Another pretty choice, Aloe Vera is easy to care for. The gel from this plant soothes burns and upset stomachs. Aloe filters benzene and formaldehyde out of an environment. Aloe prefers a sunny spot with minimal watering, and a dry overall climate; you can grow it from just a clipping from a mother plant.

The red-edged Dracaena starts out as a pretty shrub; when allowed the space, it can grow up to the ceiling of a room. Dracaena removes formaldehyde, xylene, and trichloroethylene from a closed environment.

These toxins are found in varnishes and gasoline and this is therefore a good plant to keep in a garage or work shed, provided there’s adequate light and warmth. But it will clean the air in a bedroom too; if you have the space, a red-edged dracaena makes a dramatic addition to a bedroom (and it’s fun to wake up underneath one).

A sturdy plant that grows bright blossoms in cooler weather, the Chrysanthemum is a strong air purifier. Mums will branch out when planted in a garden, but they do all right indoors with direct sunlight.

Chrysanthemums detox the environment of any benzene; place one on the window of your home office to neutralize toxins from printer inks and carpeting.

One final word on bringing plant life inside: plants don’t just clean the air, they cheer up a blank corner and make the room more inviting.


An easy way to clean indoor air is by introducing a houseplant.

Besides the important health benefits, air does some other amazing things too...

Air and the Water Cycle

While the oceans contain most of the planet’s water, water also exists as ice and water vapor. Air is important because it helps water move between these states in a process scientists call the water cycle. Heated by the sun, surface water evaporates into the air and becomes water vapor. As temperatures drop, water vapor forms clouds as it condenses. Clouds return water to the ground in the form of rain, sleet or snow.

Because clouds move, they often transport water to locations far from where the water originated. The water cycle ensures that life around the planet receives the water it needs. It also helps replenish lakes, rivers and other waterways.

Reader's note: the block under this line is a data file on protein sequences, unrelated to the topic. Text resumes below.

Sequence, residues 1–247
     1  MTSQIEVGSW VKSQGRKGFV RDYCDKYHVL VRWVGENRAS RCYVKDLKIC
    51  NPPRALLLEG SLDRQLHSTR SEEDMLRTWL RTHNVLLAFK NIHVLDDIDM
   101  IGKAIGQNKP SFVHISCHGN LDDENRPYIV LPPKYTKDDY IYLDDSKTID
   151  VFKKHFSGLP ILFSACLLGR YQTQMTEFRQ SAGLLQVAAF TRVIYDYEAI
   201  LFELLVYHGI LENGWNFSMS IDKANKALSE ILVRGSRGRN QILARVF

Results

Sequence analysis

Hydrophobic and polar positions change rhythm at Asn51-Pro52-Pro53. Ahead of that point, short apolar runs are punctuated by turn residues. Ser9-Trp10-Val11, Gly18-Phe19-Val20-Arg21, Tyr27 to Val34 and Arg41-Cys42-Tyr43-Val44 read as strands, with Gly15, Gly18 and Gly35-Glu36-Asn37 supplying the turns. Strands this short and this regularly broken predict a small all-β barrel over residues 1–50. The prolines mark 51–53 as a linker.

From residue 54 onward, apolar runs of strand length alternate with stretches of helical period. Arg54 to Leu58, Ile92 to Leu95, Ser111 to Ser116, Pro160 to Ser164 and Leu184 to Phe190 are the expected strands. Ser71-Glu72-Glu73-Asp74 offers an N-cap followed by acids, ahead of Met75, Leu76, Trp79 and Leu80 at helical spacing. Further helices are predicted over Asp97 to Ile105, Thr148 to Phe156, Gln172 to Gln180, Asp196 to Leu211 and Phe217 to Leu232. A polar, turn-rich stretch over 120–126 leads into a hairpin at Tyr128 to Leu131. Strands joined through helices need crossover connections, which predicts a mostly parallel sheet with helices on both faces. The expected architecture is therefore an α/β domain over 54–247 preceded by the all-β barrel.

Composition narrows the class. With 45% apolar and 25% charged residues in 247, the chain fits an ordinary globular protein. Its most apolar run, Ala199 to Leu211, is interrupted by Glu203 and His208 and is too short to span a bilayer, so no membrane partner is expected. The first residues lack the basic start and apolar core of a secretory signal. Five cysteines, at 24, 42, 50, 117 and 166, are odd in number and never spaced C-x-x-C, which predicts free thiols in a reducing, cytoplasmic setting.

Air and the Carbon Cycle

Air plays a vital role in recycling one of Earth’s most important substances: CARBON. Carbon is important because we are carbon-based life forms and need it to survive. Carbon sources include fossil fuel combustion, the decay of dead animals and volcanoes. Animals and humans also release carbon dioxide into the air when they breathe.

Through a process called photosynthesis, plants extract carbon dioxide from the air and use it to produce energy. They also release oxygen during this process. When people and animals eat the plants, they ingest carbon and produce the energy they need to live. 


When they die, their bodies decompose, causing carbon to go back into the air as this endless cycle repeats itself.

Air: Earth’s Comfort Blanket

Without air, average temperatures on Earth would plummet to below freezing. During the day, the planet gets warm as it absorbs energy from the sun. Through a process called the greenhouse effect, carbon dioxide and other greenhouse gases absorb some of the infrared radiation the earth releases as it cools. This heat in the atmosphere causes the earth’s surface to warm as well.

Air Protects You

Earth’s atmosphere helps protect you from X-rays, cosmic rays and other particles that bombard the planet. Earth’s ozone layer helps reduce the amount of harmful ultraviolet radiation that reaches the surface. Air also reduces the possibility that meteorites and asteroids could level a city. Most space rocks vaporize in the air before they reach the ground, where they can cause destruction. Earth’s atmosphere also helps moderate temperatures so that its surface isn’t too hot or too cold to support life.

Air plays a vital role in recycling one of Earth’s most important substances: CARBON.


We need air to hear

Imagine not being able to hear a screaming jet engine a foot away from your ear. That’s what would happen if air did not exist. People can hear sound only because air carries sound waves from one point to another. Eliminate air, and nobody will ever hear sounds that move between locations. Even the music instruments make use of resonance and bass with the alteration of air and sound combination.

Air makes the sky blue

Because air molecules cause violet and blue wavelengths of sunlight to scatter, the sky appears blue. With no air, the sky would always be black!

Air makes the weather

We can also thank air for rain, snow, tornadoes etc, because air helps create weather. Storms, for example, often occur when a cold air mass collides with a warm air mass.

Air helps in drying

(humidity balance): Land when it gets wet by rains is dried due to air. The air on the immediate wet surface is very moist. So these moist layers of air are replaced by less moist or dry layers of air. The new dry layer on the surface takes up moisture from wet surface and the cycle continues till the surface dries.

Air helps in transport: Airplanes,helicopters birds and insects all use air to move, if there was no air they would not be able to fly.

Finally we tie the ability to breathe air to the foods we eat

List of foods that are good for healthy lungs